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DENTON (CBSDFW.COM) – Homeowners in Denton County were warned to be ready to evacuate on Tuesday after a planned possible flooding along the Elm Fork of the Trinity River. The notice put some Denton residents on edge, but officials are now backing off of their plan.

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Several homes are located right near the water, and there were plans to open the floodgates at nearby Lake Ray Roberts by 9:00 a.m. on Tuesday. Once the Army Corps of Engineers fully open up the gates, officials explained, there was some concern that creeks — which are already above flood stage from recent storms — could become dangerous.

Not only that, but the Denton area is expected to see more rain — up to 12 inches — by Sunday.

Lake Ray Roberts is already full, so the floodgate plan was in place to get rid of the excess water.

Denton County Emergency Services had warned residents in about 150 homes about the floodgate plan, and stated that those homeowners could be asked to leave their property with only minutes notice.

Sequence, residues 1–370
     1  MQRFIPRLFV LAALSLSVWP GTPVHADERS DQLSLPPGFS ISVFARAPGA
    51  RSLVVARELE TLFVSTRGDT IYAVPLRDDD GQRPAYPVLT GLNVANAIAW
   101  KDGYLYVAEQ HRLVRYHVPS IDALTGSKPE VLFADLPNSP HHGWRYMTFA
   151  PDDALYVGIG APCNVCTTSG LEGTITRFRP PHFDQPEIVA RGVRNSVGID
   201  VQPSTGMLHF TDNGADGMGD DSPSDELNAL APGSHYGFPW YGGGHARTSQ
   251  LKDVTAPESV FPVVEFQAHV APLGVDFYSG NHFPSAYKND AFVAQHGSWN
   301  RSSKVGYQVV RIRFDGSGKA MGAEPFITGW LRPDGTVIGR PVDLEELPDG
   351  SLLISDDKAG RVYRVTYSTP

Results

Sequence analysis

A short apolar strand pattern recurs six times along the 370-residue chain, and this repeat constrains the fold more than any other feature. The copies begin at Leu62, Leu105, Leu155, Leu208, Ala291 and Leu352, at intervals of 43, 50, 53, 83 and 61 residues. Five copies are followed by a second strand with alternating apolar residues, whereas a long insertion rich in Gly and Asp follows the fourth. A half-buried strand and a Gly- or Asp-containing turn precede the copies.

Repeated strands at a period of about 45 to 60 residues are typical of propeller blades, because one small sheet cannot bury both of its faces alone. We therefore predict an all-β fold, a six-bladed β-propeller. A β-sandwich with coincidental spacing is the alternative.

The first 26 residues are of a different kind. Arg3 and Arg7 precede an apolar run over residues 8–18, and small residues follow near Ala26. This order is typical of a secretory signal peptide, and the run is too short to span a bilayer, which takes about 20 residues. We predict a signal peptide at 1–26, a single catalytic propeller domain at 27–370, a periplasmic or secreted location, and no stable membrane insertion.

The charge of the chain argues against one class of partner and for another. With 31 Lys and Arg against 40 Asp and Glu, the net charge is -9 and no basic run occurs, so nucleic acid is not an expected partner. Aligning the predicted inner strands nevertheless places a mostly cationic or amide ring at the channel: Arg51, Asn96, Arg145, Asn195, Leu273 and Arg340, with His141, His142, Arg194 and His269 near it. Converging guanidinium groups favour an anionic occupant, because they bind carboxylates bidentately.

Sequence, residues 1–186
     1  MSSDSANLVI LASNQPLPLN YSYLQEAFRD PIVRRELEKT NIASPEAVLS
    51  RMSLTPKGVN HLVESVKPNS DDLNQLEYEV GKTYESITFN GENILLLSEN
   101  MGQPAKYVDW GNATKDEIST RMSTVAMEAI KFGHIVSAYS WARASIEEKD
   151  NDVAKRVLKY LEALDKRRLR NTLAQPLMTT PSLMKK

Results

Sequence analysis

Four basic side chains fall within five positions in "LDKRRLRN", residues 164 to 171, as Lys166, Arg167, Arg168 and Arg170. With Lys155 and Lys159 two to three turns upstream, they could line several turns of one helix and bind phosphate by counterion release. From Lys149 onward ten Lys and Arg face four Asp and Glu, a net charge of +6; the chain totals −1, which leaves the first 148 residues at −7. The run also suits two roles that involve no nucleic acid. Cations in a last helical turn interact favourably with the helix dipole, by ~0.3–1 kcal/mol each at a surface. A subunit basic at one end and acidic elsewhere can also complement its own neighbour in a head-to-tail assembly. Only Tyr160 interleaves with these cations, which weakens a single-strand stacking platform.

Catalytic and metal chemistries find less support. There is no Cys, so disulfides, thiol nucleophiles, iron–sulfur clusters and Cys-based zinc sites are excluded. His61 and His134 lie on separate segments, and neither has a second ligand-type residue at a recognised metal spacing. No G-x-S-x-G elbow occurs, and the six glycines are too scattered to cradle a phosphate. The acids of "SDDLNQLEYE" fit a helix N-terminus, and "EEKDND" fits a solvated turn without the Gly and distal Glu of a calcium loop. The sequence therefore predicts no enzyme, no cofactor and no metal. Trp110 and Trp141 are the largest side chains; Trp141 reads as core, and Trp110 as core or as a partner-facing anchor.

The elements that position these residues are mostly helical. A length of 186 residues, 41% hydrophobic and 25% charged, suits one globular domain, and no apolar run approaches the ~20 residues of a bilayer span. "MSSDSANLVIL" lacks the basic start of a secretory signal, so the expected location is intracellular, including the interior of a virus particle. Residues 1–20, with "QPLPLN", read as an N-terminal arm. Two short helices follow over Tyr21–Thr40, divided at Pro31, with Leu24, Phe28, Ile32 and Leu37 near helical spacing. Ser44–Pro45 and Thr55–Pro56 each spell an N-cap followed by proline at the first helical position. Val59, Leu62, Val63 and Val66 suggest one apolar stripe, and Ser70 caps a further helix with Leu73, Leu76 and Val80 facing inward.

(credit: Arezow Doost/CBSDFW.COM)

(credit: Arezow Doost/CBSDFW.COM)

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Officials were initially not worried about the homes themselves being flooded, but were more concerned about the area roads being covered in water. If those roads became impassable, it would cut off access to any people who live along the river.

The Army Corp of Engineers, however, decided on Tuesday morning to cancel the plan to open the floodgates, because of new concerns that the homes would actually be flooded. They will now wait until after the next round of rain to make a decision on how to move forward.

Some water had already been released from the floodgate over the weekend and into Tuesday morning, and it started to creep into some backyards. “I’m going to lose everything,” said Melissa Hensley, who evacuated on Tuesday despite the plan being delayed. “My home, all my belongings — it’s scary.”


But there are some Denton residents who never intended to evacuate. “They open it up, let it out, they’re going to wash me out,” said Denton resident Jeff Manie on Monday. “Are they going to pay for it? I don’t have insurance, because I’m not in a floodplain. It’s never flooded before but, they open that spillway, that’s $500,000 house and barns gone.”

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Manie also argued that the Monday night warning came too late, and did not give people enough time to prepare for an evacuation.